Card Sony DSC-R1 write speed (10M RAW+JPEG)
1 GB SanDisk Extreme MS Pro 4,804 KB/sec
1 GB SanDisk Extreme III CF 3,214 KB/sec
4 GB Lexar Pro 80x CF 3,075 KB/sec

Cardbus 32-bit Adapter benchmark

Card Cardbus 32-bit Adapter, write speed (10M RAW+JPEG)
1 GB SanDisk Extreme MS Pro*1 5,385 KB/sec
1 GB SanDisk Extreme III CF 10,000 KB/sec
4 GB Lexar Pro 80x CF 8,684 KB/sec

*1 Using Sony Vaio notebook built-in Memory Stick slot.

USB transfer speed

To test the DSC-R1's USB transfer speed we used twelve standard images (six RAW, six JPEG) totaling 145 MB and transferred them from a SanDisk Extreme III 1 GB CF card via four different methods. Transferring directly from the R1 will be faster than USB 1.1 but isn't as quick as a fairly typical (and cheap) USB 2.0 card reader, which was a bit of a disappointment. Thankfully the R1 supports Mass Storage, PTP and PictBridge USB connectivity.

Method Time taken Transfer rate
Sony DSC-R1 USB 2.0 66.7 sec 2.2 MB/sec
USB 2.0 Card reader 42.6 sec 3.4 MB/sec
Lexar Pro Firewire Card reader 20.7 sec 7.0 MB/sec
CardBus 32 PCMCIA adapter 13.1 sec 11.1 MB/sec

Battery life

The DSC-R1 uses the same NP-FM50 Lithium-Ion battery (1200 mAh at 7.2V / 8.5 Wh) used in several previous Sony digital cameras including the DSC-F828. This battery served those previous cameras well and appears to do the same in the DSC-R1, we didn't experience any shortness of life during a full days shooting and could go for several days without a charge. Because this is an 'Info Lithium' battery the estimated battery life in minutes is displayed on the LCD monitor.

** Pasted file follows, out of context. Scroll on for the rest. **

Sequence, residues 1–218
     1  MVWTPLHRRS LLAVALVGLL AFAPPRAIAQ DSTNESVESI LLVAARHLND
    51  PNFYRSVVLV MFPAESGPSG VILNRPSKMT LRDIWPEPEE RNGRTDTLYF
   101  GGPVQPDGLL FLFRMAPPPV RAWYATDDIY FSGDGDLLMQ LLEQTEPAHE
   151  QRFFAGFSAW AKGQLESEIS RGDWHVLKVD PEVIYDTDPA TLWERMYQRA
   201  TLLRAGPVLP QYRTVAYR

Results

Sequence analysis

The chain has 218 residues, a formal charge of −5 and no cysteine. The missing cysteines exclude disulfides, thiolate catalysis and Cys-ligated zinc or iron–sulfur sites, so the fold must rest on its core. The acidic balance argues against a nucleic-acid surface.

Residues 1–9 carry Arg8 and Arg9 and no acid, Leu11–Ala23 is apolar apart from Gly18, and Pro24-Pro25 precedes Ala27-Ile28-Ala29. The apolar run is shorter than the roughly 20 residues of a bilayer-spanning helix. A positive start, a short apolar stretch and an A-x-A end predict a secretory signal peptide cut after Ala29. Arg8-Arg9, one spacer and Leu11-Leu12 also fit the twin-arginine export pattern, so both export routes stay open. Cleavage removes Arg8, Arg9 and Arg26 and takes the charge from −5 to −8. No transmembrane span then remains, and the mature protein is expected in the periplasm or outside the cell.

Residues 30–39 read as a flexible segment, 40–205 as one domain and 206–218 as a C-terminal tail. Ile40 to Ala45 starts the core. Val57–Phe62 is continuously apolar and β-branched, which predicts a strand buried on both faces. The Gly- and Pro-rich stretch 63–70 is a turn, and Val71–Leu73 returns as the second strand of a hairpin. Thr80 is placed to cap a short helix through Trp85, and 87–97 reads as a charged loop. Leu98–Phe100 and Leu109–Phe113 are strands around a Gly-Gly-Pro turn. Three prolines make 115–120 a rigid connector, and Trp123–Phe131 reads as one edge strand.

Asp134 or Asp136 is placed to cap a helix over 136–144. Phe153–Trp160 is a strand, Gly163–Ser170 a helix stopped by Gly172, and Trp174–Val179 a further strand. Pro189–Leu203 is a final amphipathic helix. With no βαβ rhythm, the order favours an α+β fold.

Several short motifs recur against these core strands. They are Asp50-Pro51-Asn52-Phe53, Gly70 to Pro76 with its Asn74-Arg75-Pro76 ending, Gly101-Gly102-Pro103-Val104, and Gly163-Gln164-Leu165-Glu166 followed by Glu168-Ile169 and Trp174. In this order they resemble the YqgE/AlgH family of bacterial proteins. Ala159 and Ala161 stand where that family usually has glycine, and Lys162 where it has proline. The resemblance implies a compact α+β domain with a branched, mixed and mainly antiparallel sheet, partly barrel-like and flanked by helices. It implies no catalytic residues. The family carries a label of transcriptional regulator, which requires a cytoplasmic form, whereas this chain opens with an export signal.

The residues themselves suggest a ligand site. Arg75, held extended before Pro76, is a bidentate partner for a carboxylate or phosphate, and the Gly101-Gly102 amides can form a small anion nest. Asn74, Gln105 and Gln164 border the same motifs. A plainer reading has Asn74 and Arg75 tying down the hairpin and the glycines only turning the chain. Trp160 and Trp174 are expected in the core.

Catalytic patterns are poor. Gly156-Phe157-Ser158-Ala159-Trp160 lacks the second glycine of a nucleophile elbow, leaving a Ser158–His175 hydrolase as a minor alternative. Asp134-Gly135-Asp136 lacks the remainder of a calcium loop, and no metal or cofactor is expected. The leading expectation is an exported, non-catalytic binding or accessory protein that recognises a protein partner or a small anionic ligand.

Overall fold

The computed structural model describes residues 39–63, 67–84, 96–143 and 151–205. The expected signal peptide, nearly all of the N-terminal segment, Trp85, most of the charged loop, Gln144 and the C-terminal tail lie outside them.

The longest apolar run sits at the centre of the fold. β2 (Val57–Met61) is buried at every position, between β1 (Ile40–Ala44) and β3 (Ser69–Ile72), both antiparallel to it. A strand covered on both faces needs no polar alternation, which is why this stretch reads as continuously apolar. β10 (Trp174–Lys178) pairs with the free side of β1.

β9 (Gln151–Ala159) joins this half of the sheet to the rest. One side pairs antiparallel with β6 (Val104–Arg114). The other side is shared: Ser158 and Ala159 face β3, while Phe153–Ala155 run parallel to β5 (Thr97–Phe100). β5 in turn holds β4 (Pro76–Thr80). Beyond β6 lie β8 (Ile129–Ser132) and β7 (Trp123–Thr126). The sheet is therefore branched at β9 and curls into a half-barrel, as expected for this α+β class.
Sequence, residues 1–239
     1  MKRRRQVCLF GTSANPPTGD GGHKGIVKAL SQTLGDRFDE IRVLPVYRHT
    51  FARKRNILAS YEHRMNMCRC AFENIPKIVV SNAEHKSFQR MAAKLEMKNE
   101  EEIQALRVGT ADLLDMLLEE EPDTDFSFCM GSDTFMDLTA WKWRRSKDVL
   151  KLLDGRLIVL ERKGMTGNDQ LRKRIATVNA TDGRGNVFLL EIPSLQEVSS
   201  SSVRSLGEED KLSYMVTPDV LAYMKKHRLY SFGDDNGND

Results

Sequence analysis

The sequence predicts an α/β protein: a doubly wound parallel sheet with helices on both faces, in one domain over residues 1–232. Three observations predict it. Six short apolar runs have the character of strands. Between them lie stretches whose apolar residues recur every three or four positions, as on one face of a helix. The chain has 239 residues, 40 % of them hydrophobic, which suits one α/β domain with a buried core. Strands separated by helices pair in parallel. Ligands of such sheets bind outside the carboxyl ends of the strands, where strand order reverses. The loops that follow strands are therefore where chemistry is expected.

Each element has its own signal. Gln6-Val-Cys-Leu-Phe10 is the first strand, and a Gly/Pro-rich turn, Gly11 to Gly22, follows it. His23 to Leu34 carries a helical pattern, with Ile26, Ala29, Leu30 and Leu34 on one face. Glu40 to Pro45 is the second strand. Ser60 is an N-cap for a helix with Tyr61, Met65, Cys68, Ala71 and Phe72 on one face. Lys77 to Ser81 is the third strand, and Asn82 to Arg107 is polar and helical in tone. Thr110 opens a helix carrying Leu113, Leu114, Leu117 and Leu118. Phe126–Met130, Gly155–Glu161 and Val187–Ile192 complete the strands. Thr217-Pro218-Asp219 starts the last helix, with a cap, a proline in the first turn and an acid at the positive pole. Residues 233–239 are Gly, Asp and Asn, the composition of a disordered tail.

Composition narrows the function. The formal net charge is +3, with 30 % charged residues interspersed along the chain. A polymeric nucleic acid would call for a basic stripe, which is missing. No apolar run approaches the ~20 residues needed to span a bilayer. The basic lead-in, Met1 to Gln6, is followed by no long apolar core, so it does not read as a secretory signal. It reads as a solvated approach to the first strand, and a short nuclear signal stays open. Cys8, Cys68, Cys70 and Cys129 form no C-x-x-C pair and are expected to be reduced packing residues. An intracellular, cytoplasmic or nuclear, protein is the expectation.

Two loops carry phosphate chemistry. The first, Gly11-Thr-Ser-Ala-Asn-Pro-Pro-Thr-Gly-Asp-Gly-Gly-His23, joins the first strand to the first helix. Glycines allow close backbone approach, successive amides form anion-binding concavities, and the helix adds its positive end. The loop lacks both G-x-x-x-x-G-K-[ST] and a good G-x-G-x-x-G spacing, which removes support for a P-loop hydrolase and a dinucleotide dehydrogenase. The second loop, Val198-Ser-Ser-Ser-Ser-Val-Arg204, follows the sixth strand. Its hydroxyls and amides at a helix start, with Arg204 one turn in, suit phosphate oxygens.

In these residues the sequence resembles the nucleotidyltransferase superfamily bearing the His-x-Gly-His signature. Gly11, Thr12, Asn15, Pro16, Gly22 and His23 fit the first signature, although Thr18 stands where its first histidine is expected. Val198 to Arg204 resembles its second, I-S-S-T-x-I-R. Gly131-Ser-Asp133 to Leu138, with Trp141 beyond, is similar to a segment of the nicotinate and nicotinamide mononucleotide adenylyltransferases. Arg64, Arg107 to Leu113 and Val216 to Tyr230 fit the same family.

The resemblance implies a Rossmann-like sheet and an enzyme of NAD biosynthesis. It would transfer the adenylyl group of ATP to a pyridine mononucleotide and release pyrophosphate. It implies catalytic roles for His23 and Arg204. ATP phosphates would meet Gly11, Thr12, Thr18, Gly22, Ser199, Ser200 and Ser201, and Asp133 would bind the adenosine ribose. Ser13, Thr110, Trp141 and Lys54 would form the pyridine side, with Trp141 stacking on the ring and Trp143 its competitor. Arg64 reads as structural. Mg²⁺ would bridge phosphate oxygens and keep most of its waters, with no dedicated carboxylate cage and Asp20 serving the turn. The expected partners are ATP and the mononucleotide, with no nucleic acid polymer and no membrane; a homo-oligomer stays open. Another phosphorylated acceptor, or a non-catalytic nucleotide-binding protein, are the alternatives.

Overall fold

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Comments

Total comments: 6
sukritsaha

Where to get Sony original np fm 50 battery for dsc r1, in india.

Thank you all for your attention.

SUKRIT

0 upvotes
Sdaniella

Sony Cyber-shot DSC-R1: 14.3-71.5mm f/2.8-4.8
Zeiss 73.8∠5.11 ∅ 2.8 ev (Wide)
Zeiss 17.1∠14.9 ∅ 4.8 ev (Tele)

Comment edited 2 minutes after posting
0 upvotes
biffy7

We use this daily (2014). It is slow, but with 2 x 285HV (Original), for product shots. It does a very good job. The color is slightly off. It sits upon a Tiltall tripod from about 25yrs ago. (spotting a trend here). I figure that if I have the equipment sitting around, might as well put it to use.

0 upvotes
Joe186

Who’s “we”? Do you have a mouse in your camera bag?

1 upvote
Pascal Parvex

Had this camera before I bought my first DSLR, the 5D Classic. It is a capable camera, the first time I bought a Sony, as Canon did not have something comparable. I shot two Tokio Hotel concerts with this one, some pictures with 3200 ISO that turned out usable. Just the red tones are a little bit too speckled. Bought a DSLR afterwards because the R1 is quite slow.

0 upvotes
guyfawkes

Agreed about the speed of handling, and by today's standards, the higher ISO settings are quite poor.

But where these aspects don't really matter, its IQ from the superb Zeiss lens can still give a modern dlsr a run for its money. And it would have to be a top of the range one as well, with top jolly optics.

2 upvotes
Total comments: 6